with doing so is that it is not a general solution. We cannot specify 
        rules for attributes that are yet to be defined, and we miss some 
        attribute types. 

     4. Conclusion  

        We have presented the rationale behind 

        - deleting attributes in an actual configuration SDP 

        - replacing attributes in an actual configuration SDP 

        In terms of deleting attributes, we made an important assumption 
        about implementations generally ignoring SDP attributes that do not 
        seem to otherwise apply for a particular SDP. This left us with the 
        problem of dealing only with attributes that may result in unintended 
        processing when the SDP changes or attributes that have unclear 
        interactions. We have looked at a variety of different SDP attributes 
        for this class of problems, however our primary use cases seem to 
        center around SRTP key management. This suggests that the problem is 
        somewhat limited in scope when it comes to current SDP parameters.  

        In terms of replacing attributes, there are clear use cases for this, 
        notably in the areas of the "fmtp" and "rtpmap" attributes. Both of 
        these are outside the scope of the core SDP capability negotiation 
        document, however they are within scope of the media capabilities 
        negotiation work. 

        While there is little doubt (in the author's mind at least) that 
        there is an important general problem here, it could be argued that 
        it would be sufficient to provide a solution in the core document 
        that does not define how individual attributes are deleted from the 
        actual configuration. If that path is followed, it is the author's 
      
      
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        opinion that we should still provide the ability to delete all 
        attributes from the existing SDP (at the media and/or session-level) 
        thereby providing a simple (albeit somewhat inefficient in terms of 
        message size) solution to the general problem, that all 
        implementations are guaranteed to support. 

     5. Security Considerations 

        None.  

     6. IANA Considerations 

        None.   


































      
      
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     7. References 

     7.1. Normative References 

        [RFC2119] Bradner, S., "Key words for use in RFCs to Indicate 
                  Requirement Levels", BCP 14, RFC 2119, March 1997. 

        [RFC3264] Rosenberg, J., and H. Schulzrinne, "An Offer/Answer Model 
                  with Session Description Protocol (SDP)", RFC 3264, June 
                  2002.  

        [RFC3407] F. Andreasen, "Session Description Protocol (SDP) Simple 
                  Capability Declaration", RFC 3407, October 2002. 

        [RFC3605] C. Huitema, "Real Time Control Protocol (RTCP) attribute in 
                  Session Description Protocol (SDP)", RFC 3605, October 
                  2003.  

        [RFC4234] Crocker, D., and P. Overell, "Augmented BNF for Syntax 
                  Specifications: ABNF", RFC 4234, October 2005.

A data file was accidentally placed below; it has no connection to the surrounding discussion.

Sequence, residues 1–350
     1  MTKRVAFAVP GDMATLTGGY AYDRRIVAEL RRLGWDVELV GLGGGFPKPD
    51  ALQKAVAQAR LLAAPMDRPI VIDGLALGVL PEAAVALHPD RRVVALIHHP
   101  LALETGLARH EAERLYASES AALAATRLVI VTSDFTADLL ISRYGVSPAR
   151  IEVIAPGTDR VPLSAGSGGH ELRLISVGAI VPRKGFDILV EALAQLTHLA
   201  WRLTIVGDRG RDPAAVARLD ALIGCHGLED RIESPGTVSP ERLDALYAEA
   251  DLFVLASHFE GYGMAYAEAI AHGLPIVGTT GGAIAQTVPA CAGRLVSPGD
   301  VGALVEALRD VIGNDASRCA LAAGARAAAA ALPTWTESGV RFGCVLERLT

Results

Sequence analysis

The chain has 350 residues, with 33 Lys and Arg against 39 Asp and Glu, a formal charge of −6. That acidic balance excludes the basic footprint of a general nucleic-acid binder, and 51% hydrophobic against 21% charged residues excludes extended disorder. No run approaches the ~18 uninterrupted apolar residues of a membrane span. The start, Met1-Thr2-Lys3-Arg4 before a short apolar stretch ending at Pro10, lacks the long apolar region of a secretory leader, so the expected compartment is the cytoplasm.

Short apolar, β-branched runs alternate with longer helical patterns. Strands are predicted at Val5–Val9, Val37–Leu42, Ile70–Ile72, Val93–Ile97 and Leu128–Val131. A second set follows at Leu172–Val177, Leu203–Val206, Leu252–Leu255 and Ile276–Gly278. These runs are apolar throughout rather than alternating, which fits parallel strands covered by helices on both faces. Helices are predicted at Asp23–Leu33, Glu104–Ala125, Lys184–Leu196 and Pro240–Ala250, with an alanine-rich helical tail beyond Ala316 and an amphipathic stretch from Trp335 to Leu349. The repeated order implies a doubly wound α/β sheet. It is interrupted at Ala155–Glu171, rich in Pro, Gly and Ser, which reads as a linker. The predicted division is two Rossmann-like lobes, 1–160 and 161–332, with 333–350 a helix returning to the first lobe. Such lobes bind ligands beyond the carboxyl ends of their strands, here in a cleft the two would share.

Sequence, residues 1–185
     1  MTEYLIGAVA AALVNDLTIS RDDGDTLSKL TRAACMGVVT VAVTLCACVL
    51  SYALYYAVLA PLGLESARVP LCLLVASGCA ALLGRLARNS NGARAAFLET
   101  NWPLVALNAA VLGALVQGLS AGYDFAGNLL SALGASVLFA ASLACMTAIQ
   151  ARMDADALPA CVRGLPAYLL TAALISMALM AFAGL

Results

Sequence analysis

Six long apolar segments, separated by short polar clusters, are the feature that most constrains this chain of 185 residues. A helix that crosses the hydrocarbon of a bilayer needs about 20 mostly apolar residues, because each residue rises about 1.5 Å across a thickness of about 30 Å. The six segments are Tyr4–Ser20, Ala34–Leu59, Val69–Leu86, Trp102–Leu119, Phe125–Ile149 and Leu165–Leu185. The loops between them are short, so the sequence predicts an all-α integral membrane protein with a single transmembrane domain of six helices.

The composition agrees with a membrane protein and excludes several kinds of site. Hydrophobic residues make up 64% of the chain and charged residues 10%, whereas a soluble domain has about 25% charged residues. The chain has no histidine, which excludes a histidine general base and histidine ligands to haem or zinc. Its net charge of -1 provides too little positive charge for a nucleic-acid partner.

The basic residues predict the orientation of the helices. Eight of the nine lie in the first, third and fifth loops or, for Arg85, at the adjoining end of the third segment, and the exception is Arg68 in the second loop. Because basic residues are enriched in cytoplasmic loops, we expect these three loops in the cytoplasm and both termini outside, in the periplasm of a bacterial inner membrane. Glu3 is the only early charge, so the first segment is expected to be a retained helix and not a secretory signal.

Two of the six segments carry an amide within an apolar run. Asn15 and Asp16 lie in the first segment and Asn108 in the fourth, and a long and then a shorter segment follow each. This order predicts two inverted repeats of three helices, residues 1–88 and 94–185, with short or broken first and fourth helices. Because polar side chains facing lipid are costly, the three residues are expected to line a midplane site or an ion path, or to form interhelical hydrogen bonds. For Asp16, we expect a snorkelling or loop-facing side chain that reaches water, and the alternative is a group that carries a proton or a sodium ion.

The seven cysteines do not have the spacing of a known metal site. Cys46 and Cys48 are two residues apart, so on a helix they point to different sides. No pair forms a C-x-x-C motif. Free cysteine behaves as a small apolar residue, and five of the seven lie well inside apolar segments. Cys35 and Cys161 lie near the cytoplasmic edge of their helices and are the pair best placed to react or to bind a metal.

[RFC4566] Handley, M., Jacobson, V., and C. Perkins, "SDP: Session 
                  Description Protocol", RFC 4566, July 2006.  

        [RFC2434] Narten, T. and H. Alvestrand, "Guidelines for Writing an 
                  IANA Considerations Section in RFCs", BCP 26, RFC 2434, 
                  October 1998. 

     7.2. Informative References 

        [RFC2046] Freed, N., and N. Borensteain, "Multipurpose Internet Mail 
                  Extensions (MIME) Part Two: Media Types", RFC 2046, 
                  November 1996. 

        [RFC2327] Handley, M., Jacobson, V., and C. Perkins, "SDP: Session 
                  Description Protocol", RFC 2327, April 1998.  

        [RFC3261]  Rosenberg, J., Schulzrinne, H., Camarillo, G., Johnston, 
                  A., Peterson, J., Sparks, R., Handley, M., and E. Schooler, 
                  "SIP: Session Initiation Protocol", RFC 3261, June 2002. 

        [RFC3388] Camarillo, G., Eriksson, G., Holler, J., and H. 
                  Schulzrinne, "Grouping of Media Lines in the Session 
                  Description Protocol (SDP)", RFC 3388, December 2002. 



      
      
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        [RFC3551] Schulzrinne, H., and S. Casner, "RTP Profile for Audio and 
                  Video Conferences with Minimal Control", RFC 3551, July 
                  2003.  

        [SRTP]    Baugher, M., McGrew, D., Naslund, M., Carrara, E., and K. 
                  Norrman, "The Secure Real-time Transport Protocol (SRTP)", 
                  RFC 3711, March 2004. 

        [RFC3851] B. Ramsdell, "Secure/Multipurpose Internet Mail Extensions 
                  (S/MIME) Version 3.1 Message Specification", RFC 3851, July 
                  2004.  

        [RFC4091] Camarillo, G., and J. Rosenberg, The Alternative Network 
                  Address Types (ANAT) Semantics for the Session Description 
                  Protocol (SDP) Grouping Framework, RFC 4091, June 2005.  

        [AVPF]    Ott, J., Wenger, S., Sato, N., Burmeister, C., and J. Rey, 
                  "Extended RTP Profile for RTCP-Based Feedback (RTP/AVPF)", 
                  Work in Progress, August 2004.